VIDEO: Chilling Out: Polar Bears Delight At Huge Frozen Salmon Birthday Cake

A giant frozen salmon birthday cake, shaped as the number 2, proved a perfect gift for a young polar bear.

The footage shows Finja the polar bear celebrating her second birthday at the Tiergarten Schönbrunn, the world's oldest zoo, in Vienna, Austria, on Nov. 9.

In the video, Finja and her mother Nora approach the fishy cake, which was displayed at the top of a rock in their enclosure.

The bears circle the cake and then rip chunks of salmon out of the frozen treat. The mother and daughter devour the cake and following the meal, head to the pool to play with a ball and relax.

Salmon cake birthday
Finja's mother Nora, who also joined the salmon cake birthday celebration at the Schönbrunn Zoo in Vienna, Austria. Daniel Zupanc/Zenger

Stephan Hering-Hagenbeck, the zoo director, said the zookeepers made the big frozen cake with salmon, since it is Finja's favorite food. A trail of cod liver oil was dripped around the cake, which helped Finja and Nora locate it with their strong sense of smell.

The cake took a lot of time to prepare, but it was destroyed in a matter of minutes after Nora knocked it over with her giant paws. The cake split into pieces after hitting the ground, making it easier for the bears to grab the large chunks of salmon.

Hering-Hagenbeck said Finja has grown into a healthy "teenager" weighing 408 pounds, up from just 1 pound at birth.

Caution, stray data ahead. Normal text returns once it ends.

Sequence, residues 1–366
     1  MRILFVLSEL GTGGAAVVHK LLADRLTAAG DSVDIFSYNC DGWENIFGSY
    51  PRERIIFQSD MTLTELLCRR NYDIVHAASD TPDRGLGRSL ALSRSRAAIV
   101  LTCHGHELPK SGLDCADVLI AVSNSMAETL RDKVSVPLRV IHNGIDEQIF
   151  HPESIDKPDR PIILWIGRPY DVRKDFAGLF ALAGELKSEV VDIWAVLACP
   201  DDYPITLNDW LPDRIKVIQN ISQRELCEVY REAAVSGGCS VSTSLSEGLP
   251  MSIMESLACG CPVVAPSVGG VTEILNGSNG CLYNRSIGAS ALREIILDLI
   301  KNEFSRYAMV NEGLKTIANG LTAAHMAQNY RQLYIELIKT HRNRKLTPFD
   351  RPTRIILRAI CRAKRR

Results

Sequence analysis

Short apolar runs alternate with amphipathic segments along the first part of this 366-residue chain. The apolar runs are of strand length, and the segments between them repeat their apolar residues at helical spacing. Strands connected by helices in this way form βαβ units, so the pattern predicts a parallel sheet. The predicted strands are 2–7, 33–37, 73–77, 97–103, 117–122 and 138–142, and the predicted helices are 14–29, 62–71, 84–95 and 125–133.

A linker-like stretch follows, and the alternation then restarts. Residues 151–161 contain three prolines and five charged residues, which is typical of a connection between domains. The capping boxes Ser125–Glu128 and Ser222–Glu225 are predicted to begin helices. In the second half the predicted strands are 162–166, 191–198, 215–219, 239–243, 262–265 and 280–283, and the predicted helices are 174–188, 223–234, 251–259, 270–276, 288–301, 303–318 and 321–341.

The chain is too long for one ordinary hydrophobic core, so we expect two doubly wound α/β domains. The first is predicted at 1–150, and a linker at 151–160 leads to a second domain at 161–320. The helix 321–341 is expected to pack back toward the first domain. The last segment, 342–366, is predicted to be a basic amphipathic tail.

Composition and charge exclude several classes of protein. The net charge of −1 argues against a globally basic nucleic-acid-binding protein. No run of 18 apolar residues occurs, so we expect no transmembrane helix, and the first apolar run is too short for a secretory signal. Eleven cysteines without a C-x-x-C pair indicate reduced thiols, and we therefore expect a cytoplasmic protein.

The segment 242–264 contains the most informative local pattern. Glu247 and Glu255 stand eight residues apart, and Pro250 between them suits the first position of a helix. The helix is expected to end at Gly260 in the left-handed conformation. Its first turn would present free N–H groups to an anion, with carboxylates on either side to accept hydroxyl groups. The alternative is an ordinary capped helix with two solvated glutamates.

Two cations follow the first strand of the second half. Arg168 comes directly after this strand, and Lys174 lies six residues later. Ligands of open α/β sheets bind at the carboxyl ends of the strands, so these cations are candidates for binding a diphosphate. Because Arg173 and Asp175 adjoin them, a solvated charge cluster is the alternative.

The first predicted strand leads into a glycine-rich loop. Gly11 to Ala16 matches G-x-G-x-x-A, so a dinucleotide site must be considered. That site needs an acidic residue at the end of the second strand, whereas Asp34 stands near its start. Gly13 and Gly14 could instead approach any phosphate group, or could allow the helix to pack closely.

Nora is considerably heavier than her daughter, despite appearing to be the same size in the video, weighing in at 551 pounds, a maximum weight for females. A fully grown male can weigh from about 770 to 1,540 pounds.

Polar Bears, Salmon Cake
Female polar bear Finja made quick work of her birthday cake, with the help of her mother, Nora. Tiergarten Schönbrunn/Zenger

The polar bear is categorized as vulnerable on the International Union for Conservation of Nature Red List of Threatened Species. This ranking means the species is facing the threat of extinction in the near future — unless the circumstances threatening its survival improve.

The polar bear, the largest bear in the world, is native to the Arctic Circle. The region's top predator, it primarily hunts fish and seals, spending half its time searching for food. Talented swimmers, polar bears can sustain a pace of 6 mph.

Polar bear numbers have historically been threatened by hunting, but today, the biggest threat facing the giant white bears is climate change, which has led to the extensive loss of their habitat.

The Schönbrunn is a participant in the European Endangered Species Program, which provides a future for some of the world's most vulnerable species through education and various breeding programs.

This story was provided to Newsweek by Zenger News.